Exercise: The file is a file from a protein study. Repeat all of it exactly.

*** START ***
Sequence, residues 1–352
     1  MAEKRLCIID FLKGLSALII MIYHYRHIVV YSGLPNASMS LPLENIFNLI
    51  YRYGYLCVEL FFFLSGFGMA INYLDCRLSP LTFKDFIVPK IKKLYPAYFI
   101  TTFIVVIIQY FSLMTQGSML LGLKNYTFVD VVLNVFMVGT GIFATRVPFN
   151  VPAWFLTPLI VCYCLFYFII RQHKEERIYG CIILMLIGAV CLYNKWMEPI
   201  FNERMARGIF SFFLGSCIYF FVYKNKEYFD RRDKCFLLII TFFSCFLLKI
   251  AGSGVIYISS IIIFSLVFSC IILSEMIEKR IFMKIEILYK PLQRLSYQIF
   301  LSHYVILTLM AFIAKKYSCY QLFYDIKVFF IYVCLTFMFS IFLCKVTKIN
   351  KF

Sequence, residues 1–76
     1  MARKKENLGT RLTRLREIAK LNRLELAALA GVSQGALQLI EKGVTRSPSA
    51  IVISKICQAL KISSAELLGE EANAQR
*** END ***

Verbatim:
Sequence, residues 1–352
     1  MAEKRLCIID FLKGLSALII MIYHYRHIVV YSGLPNASMS LPLENIFNLI
    51  YRYGYLCVEL FFFLSGFGMA INYLDCRLSP LTFKDFIVPK IKKLYPAYFI
   101  TTFIVVIIQY FSLMTQGSML LGLKNYTFVD VVLNVFMVGT GIFATRVPFN
   151  VPAWFLTPLI VCYCLFYFII RQHKEERIYG CIILMLIGAV CLYNKWMEPI
   201  FNERMARGIF SFFLGSCIYF FVYKNKEYFD RRDKCFLLII TFFSCFLLKI
   251  AGSGVIYISS IIIFSLVFSC IILSEMIEKR IFMKIEILYK PLQRLSYQIF
   301  LSHYVILTLM AFIAKKYSCY QLFYDIKVFF IYVCLTFMFS IFLCKVTKIN
   351  KF

Sequence, residues 1–76
     1  MARKKENLGT RLTRLREIAK LNRLELAALA GVSQGALQLI EKGVTRSPSA
    51  IVISKICQAL KISSAELLGE EANAQR